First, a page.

For instance, she educates diabetics about safe blood sugar levels and what to do when blood sugar is higher or lower. She encourages them to check their feet regularly and call her if there's an open wound. She tells patients who have coronary artery disease, to call her if they have an increase in chest discomfort or palpitations.

"I educate them on monitoring activities they can do for themselves and give them guidelines for when to call me. I get more information and make a recommendation," she says.

The physicians decide on the frequency of monitoring that is included in the care guide. For instance, if the patient is on Coumadin, the physician indicates how often they need blood tests.

"Our system of technology allows me to put in reminders for myself. I can see the specialty visit notes and know what that physician has in the patient's plan, she says.

Daub reminds the patients to get regular screenings and procedures, such as mammograms or flu shots, and educates them on safety issues.

"I make suggestions such as installing grab bars in the home. If they don't accept the idea right away, I remind them later on. I check the smoke alarms and make sure they get new batteries if needed," she says.

She has contact with each patient a minimum of once a month but sees some patients much more frequently if necessary.

"I follow the patient in the outpatient setting, through any inpatient admissions, and help with the transition in care," she says.

Since she's located in the same office as the primary care physicians, when patients give permission, Daub accompanies them to their doctor visits, and then brings the patients back to her office to go over what the doctor said and make sure they understand it.

If the doctor changes the medication or the treatment plan, Daub can print out an updated action plan for the patient to follow.

"The Kaiser center I work in has primary care physicians with a laboratory, X-ray, and mammography downstairs. There's a same-day surgery and cataract surgery center here, and many of the specialists are next door. This kind of access to care is particularly helpful in providing continuity and cohesiveness of care to the geriatric population or anyone with mobility issues. If one of my patients has an appointment with a neurologist, I can easily walk over and sit in on it," Daub says.

Recently, a woman Daub was following was picking up her medication refill at the pharmacy and asked to see Daub because she wasn't feeling well.

"I took one look at her and knew she was in trouble. She told me her chest felt heavy and she wasn't breathing normally so I was afraid she was on the verge of a cardiac event," she says.

She notified the primary care physician, who saw the patient immediately and sent her to the emergency department.

During her conversation with the patient, Daub asked her why she was at the pharmacy and found out the woman had been out of her beta blocker for three days.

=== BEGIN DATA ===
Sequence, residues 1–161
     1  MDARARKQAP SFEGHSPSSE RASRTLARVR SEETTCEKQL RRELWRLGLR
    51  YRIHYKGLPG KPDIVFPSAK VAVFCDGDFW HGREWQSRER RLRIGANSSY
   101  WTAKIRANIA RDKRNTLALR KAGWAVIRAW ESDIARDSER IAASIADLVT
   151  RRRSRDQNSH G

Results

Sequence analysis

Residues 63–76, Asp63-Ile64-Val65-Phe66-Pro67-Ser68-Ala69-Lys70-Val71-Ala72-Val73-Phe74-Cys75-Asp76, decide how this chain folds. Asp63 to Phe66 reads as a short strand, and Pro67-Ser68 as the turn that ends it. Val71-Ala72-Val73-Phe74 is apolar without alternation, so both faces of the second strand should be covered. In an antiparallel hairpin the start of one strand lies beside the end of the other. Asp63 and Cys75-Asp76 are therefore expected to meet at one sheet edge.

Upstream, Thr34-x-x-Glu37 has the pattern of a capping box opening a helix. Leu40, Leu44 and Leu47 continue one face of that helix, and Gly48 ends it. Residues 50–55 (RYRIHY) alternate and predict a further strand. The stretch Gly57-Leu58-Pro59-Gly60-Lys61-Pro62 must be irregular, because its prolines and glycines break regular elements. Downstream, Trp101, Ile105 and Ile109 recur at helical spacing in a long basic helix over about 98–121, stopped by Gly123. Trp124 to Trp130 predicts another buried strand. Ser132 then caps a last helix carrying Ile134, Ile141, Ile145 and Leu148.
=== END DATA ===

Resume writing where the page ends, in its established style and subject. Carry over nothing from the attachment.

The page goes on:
"She felt comfortable telling me but didn't mention it to the primary care doctor or the emergency room physician. This was a crucial piece of the emergency room treatment, but nobody would have known it if I hadn't had a close relationship with the patient," Daub says.

Daub informed the emergency department physician of the missed medication and educated the woman about the importance of taking care of her medicine. She got the woman's daughter involved in assuring that her mother gets her medications refilled promptly.

Patients can call Daub on her office phone when they need to within regular business hours, and she encourages them to do so.

"My patients appreciate the fact that when they call, there is a personal connection. It's the consistency. They aren't calling in to a call center. They know that they can always get a message directly to me in my voicemail," she says.

She also asks patients for permission to share private health information with their caregivers, so there are no barriers to communication between the patient, the caregivers, and the nurse.

When she gets a call that patients are going to the emergency room, Daub meets them whenever possible.

"Patients often have trouble explaining their situation and their medical history. I can give their background information to the emergency room physicians and they love it. It really helps them treat the patients in an effective and efficient manner," she says.

Guided Care nurses follow patients for the rest of their lives.

When patients are hospitalized, Daub doesn't actively manage the care but brings information to the treatment team.

"I'm in a listening role for what will happen after discharge. I find out if the patients will be able to go back to the same living situation, if any home modification will be needed, if the caregiver will have more responsibility than in the past, and work with all parties to achieve the best outcome," she says.

Her close relationship with her patients often helps with end-of-life issues. She tells of one diabetic patient who had a recurring abdominal infection.

"He'd go to rehab and work hard and something would happen again. One day I visited him in the hospital and he said, 'Please call them off. I just want to go home.' The family wasn't around and he was able to say what he really wanted. He was putting on a good face for his family and doing whatever the doctor asked him to do," she says.

Daub talked to the man's doctor, who had a discussion with him, then set up hospice care in the home.

"He was surrounded by his whole family. His wife made his favorite meal. A few days later he went into a coma and died at home. It was a dignified and happy death," she says.

(More information about Guided Care is available at http://www.GuidedCare.org. The three-year trial of Guided Care was funded by a public-private partnership of the Agency for Healthcare Research and Quality, the National Institute of Aging, the John A. Hartford Foundation, the Jack and Valeria Langeloth Foundation, Kaiser Permanente Mid-Atlantic States Region, Johns Hopkins HealthCare, and the Roger C. Lipitz Center for Integrated Health Care.)